“Well, I wasn’t lying or anything. He’s one of Mrs. Baek’s pupils, so I’m sure he wouldn’t go around telling people,” Juho answered with a shrug.

“I guess that’s true.”

“It’s fine. I don’t want to be too too anal about this either. Besides, what is there to lose? At worst, I’d live the life of a superstar.”

“Did you just call yourself a superstar?” asked Geun Woo, leaning against the wall as they waited for the water to come to a boil. They didn’t say anything else to one another. Geun Woo prepared to pour the water over the tea leaves in the cup.

“So, I heard that Joon Soo showed you his studio?” he probed as the cups clattered.

“Yes, he did. There were a lot of poems,” said Juho.

“I heard. I also heard that you can recite Chinese Poems?”

“Yes, I can. Would you like to hear it?”

“No, thanks.”

The water started boiling.

“Seems like they’re going to be talking for a while. C’mon, let me show you my studio this time.”

Juho understood the intention behind Geun Woo’s words. He wanted to let his teacher and her old pupil have time and space to catch up. Juho had intended on doing the same. However, from Geun Woo’s point of view, Juho was probably someone he had to take care of. Still, it was better than not doing anything at all.

Juho willingly played along.


“It might not be as impressive as Joon Soo’s,” said Geun Woo, pouring hot water into the cups. The fragrance of the tea spread about the kitchen. Asking Juho to wait, he took the tea set on a tray to Yun Seo and her guest.



With an odd sound effect, Geun Woo opened the door to his studio. Compared to Joon Soo’s, it was rather ordinary. Along with a wooden desk and a laptop, there were shelves filled with books and various research data. It was apparent that the room belonged to a writer.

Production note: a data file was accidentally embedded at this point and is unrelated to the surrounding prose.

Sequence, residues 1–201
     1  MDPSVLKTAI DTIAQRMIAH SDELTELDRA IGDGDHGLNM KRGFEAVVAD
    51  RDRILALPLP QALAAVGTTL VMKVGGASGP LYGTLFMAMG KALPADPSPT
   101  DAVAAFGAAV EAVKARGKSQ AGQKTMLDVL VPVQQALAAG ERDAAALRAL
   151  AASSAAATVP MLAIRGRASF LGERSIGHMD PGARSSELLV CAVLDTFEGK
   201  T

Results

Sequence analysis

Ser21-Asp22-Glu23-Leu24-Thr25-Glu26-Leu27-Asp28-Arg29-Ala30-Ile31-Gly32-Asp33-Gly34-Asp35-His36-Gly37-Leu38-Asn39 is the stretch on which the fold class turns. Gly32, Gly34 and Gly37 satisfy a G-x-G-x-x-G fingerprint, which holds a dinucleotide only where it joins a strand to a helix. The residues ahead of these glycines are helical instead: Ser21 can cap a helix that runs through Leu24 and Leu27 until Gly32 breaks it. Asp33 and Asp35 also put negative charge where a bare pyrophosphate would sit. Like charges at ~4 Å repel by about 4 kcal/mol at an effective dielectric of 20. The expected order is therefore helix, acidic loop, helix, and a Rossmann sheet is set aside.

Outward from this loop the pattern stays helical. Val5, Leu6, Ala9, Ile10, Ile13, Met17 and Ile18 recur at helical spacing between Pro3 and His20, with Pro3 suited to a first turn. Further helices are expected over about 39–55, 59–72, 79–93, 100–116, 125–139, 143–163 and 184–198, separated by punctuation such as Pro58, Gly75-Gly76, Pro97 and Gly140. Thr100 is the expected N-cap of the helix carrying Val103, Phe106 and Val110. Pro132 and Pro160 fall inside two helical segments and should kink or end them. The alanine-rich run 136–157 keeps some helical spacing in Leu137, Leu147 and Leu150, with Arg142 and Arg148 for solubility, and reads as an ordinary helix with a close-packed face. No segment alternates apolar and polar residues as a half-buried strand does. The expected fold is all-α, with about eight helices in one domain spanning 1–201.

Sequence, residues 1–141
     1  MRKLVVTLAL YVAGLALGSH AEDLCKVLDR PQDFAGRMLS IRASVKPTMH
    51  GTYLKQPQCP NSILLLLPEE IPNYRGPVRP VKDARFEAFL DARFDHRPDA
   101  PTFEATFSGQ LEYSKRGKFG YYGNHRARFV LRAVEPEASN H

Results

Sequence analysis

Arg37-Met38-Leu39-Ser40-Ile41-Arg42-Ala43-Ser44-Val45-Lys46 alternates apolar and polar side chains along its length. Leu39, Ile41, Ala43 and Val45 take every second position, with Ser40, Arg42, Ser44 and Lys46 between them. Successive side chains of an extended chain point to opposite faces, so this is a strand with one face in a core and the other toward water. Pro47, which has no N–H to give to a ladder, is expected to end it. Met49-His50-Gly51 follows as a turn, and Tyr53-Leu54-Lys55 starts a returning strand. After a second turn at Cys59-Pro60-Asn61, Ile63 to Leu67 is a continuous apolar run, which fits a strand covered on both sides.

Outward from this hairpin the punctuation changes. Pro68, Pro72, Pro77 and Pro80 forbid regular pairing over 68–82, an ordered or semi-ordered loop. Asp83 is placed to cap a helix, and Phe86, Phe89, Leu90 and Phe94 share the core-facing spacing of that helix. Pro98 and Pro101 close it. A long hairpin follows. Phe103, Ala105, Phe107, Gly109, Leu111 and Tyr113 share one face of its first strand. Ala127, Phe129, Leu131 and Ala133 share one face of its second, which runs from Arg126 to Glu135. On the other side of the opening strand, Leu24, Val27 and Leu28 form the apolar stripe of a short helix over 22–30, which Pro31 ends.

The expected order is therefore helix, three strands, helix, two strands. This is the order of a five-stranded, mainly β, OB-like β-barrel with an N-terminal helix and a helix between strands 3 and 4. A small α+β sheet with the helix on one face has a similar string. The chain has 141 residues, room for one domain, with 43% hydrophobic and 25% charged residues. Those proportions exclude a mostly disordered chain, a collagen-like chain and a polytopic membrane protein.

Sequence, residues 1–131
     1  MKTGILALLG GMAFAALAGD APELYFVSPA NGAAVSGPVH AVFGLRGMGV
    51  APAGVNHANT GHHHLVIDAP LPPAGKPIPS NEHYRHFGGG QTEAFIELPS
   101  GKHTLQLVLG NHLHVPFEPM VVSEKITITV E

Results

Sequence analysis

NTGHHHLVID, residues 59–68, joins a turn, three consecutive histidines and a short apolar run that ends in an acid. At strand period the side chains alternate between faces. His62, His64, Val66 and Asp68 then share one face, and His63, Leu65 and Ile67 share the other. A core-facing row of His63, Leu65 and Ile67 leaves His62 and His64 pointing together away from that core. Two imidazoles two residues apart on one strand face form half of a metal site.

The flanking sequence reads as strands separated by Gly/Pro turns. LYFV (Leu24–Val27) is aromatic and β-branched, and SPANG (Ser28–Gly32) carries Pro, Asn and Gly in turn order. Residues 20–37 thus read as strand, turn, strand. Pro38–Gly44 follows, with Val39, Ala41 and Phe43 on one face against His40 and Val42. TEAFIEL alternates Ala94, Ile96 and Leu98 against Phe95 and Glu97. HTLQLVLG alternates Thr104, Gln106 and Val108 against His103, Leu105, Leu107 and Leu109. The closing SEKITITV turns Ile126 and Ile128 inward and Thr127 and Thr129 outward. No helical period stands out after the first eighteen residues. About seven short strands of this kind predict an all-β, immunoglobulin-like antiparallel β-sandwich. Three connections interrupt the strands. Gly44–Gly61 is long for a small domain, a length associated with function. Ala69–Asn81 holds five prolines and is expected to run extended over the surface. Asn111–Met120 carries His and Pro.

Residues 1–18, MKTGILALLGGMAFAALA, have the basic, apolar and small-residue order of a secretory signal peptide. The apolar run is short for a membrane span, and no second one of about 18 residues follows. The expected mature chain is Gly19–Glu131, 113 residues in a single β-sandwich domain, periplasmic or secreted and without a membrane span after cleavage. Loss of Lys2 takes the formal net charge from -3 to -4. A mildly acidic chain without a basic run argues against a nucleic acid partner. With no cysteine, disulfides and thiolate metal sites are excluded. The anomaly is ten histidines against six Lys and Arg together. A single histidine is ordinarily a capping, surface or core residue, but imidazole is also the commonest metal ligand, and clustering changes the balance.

“It’s quite ordinary.”

“That’s the best kind.”

“I think I’d be able to focus better here too.”

“This is where I wrote my debut title,” said Geun Woo with confidence. Reacting half-heartedly, Juho examined the bookshelf. There was data on cannibalism on one side.

“Can I take a look?”

“Yeah, sure. Go for it.”

Juho pulled a book out from the shelf. It was a study on the methods and results of cannibalism. The index alone revealed a shocking diversity of ways a human consumed another one of his kind. As he turned the page, a picture came into view. With his mouth agape, a half-naked person was holding a large piece of meat in their hands. There was an arm and a leg around them, presumably a person who had lost their shape after being eaten. As he looked intently into the cannibal’s eyes gaping open as wide as their mouth, Juho forced himself to turn the page. If he kept staring, he would have brought the cannibal into the room. It wouldn’t have been safe by any stretch of the imagination.

The history of cannibalism was as long as the history of mankind itself. The beginning of the book was about stories of cannibalism. When a tribe conquered another tribe in war, the conquered tribe was often consumed as food as the conquering tribe celebrated its victory. Cannibalism had been a form of religious and of ancestral rituals for many tribes across the globe. There was also a part in the book that discussed the prion disease, Kuru, in great detail.

Juho turned to the next chapter. Cannibalism had also taken place among the stranded as a means of survival. It also took place during war as a result of the scarcity of food. The content of that chapter was a bit more convincing than of the previous chapters. ‘Yeah, it makes sense that people would eat each other in this scenario.’

The next chapter discussed motives of those who practiced cannibalism rather than any practical reasons.

‘Just because they wanted to.’ It was a behavior commonly found in bizarre homicide cases. Sexual fantasies, preferences, damaged corpses. It was all unethical. Feeling uneasy, Juho quickly turned the page and reached a section that discussed a scholar’s argument: ‘Cannibalism does not exist.’ They claimed that the evidence for cannibalism was generally insufficient, and that it was no more than mere imagination. However, it didn’t make Juho feel better, not one bit.

‘If their lives were at stake, would a person eat another person?’ Juho thought. ‘What if I was in that situation, and there was a person in front of me?’ He remembered the picture of the cannibal with his mouth agape. ‘Am I capable of becoming like him?’ Juho wondered.

“Gruesome, huh?” asked Geun Woo as Juho closed the book.

“It really is. I now have a newfound respect for you for wrestling with something like this.”